This commentary looks at a Supreme Court case, Imburgia v. DIRECTV, in which the Court faces the question of whether an arbitration agreement, made pursuant to the Federal Arbitration Act, preempts state unconscionability doctrine which would render that agreement unenforceable. The Author argues that holding that federal law implementing a policy favoring arbitration fully preempts state law doctrines from preventing the enforcement of arbitration agreements.


Luis V. United States: Asset Forfeiture Butts Heads With The Sixth Amendment, Jordan Glassberg Feb 2016

Luis V. United States: Asset Forfeiture Butts Heads With The Sixth Amendment, Jordan Glassberg

Duke Journal of Constitutional Law & Public Policy Sidebar

In recent years, the federal government has vastly increased its use of asset forfeiture, the seizure of property connected to illegal activities. As authorized under federal law, the government is also able to restrain assets prior to trial when the government belives those assets will ultimately be found to be forfeitable. This pretrial restraint potentially implicates the constitutionally guaranteed right to counsel for criminal defendants. In the upcoming Supreme Court case of Luis v. United States, the Court will address the question of whether a pretrial restraint of assets which are not traceable to any illegal activity is permissible …


Hurdles To The Court: The Doctrine Of Standing Under Statutory Violations, Priya Khangura Feb 2016

Hurdles To The Court: The Doctrine Of Standing Under Statutory Violations, Priya Khangura

Duke Journal of Constitutional Law & Public Policy Sidebar

Standing is a precondition for any suit brought in federal court. This Commentary analyzes a Supreme Court case, Spokeo, Inc. v. Robins, which will address whether a violation of a federal statute grants a plaintiff standing to sue. The Author argues that such a violation is sufficient for establishing standing because the plaintiff suffered an injury-in-fact which the legisture intended to prevent. That harm is both traceable to the violation and redressible by statute. Thus, the requisite elements of constitutional standing exist in this case. Such a holding follows from existing standing jurisprudence and ensures that plaintiffs can have …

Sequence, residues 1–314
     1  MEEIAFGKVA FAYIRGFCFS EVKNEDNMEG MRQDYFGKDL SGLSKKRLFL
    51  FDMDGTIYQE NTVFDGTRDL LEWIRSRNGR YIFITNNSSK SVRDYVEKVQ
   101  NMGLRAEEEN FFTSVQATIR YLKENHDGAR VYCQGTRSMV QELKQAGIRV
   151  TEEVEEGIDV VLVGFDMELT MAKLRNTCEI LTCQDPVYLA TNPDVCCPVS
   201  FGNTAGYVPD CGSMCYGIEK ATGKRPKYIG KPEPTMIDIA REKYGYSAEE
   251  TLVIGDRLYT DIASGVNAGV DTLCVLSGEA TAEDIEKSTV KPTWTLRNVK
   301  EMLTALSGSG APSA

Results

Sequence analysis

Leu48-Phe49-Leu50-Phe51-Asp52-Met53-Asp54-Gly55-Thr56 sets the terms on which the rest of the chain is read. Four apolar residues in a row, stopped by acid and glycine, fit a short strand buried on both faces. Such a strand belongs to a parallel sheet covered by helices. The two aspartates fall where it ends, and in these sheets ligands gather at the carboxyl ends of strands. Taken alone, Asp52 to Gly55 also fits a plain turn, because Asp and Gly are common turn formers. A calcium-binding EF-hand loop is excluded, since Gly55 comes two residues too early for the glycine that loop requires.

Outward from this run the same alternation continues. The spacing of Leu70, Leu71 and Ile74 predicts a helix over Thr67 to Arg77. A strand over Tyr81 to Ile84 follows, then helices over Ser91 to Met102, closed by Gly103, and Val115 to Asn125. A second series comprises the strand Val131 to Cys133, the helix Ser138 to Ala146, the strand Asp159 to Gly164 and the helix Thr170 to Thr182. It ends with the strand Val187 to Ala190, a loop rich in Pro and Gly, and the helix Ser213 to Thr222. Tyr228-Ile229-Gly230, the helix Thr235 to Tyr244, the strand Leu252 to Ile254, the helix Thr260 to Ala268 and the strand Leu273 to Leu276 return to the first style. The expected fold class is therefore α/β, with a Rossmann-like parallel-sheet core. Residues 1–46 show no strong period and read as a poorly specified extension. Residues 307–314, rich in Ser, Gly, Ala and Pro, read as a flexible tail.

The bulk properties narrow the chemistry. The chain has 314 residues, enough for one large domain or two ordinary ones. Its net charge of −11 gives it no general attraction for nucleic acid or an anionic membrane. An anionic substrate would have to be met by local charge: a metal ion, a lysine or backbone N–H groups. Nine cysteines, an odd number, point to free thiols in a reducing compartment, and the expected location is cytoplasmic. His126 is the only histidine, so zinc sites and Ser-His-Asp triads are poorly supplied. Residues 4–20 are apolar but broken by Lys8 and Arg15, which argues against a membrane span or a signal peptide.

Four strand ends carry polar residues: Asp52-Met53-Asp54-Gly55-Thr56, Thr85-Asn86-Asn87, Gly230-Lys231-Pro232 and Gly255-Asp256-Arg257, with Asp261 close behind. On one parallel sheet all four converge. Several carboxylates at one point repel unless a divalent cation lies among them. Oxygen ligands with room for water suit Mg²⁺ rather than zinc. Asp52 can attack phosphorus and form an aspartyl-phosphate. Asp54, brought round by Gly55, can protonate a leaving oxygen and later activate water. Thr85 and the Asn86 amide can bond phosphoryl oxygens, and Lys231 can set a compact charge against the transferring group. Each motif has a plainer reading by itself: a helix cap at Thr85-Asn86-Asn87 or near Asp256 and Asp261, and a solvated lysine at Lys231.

The Year In Review 2015: Selected Cases From The Alaska Supreme Court And The Alaska Court Of Appeals Jan 2016

The Year In Review 2015: Selected Cases From The Alaska Supreme Court And The Alaska Court Of Appeals

Alaska Law Review Year in Review

No abstract provided.


Neutralizing The Stratagem Of “Snap Removal”: A Proposed Amendment To The Judicial Code, Arthur Hellman, Lonny Hoffman, Thomas D. Rowe Jr., Joan Steinman, Georgene Vairo Jan 2016

Neutralizing The Stratagem Of “Snap Removal”: A Proposed Amendment To The Judicial Code, Arthur Hellman, Lonny Hoffman, Thomas D. Rowe Jr., Joan Steinman, Georgene Vairo

Faculty Scholarship

The “Removal Jurisdiction Clarification Act” is a narrowly tailored legislative proposal designed to resolve a widespread conflict in the federal district courts over the proper interpretation of the statutory “forum-defendant” rule.

The forum-defendant rule prohibits removal of a diversity case “if any of the parties in interest properly joined and served as defendants is a citizen of the [forum state].” 28 U.S.C. § 1441(b)(2) (emphasis added). Some courts, following the “plain language” of the statute, hold that defendants can avoid the constraints of the rule by removing diversity cases to federal court when a citizen of the forum state has …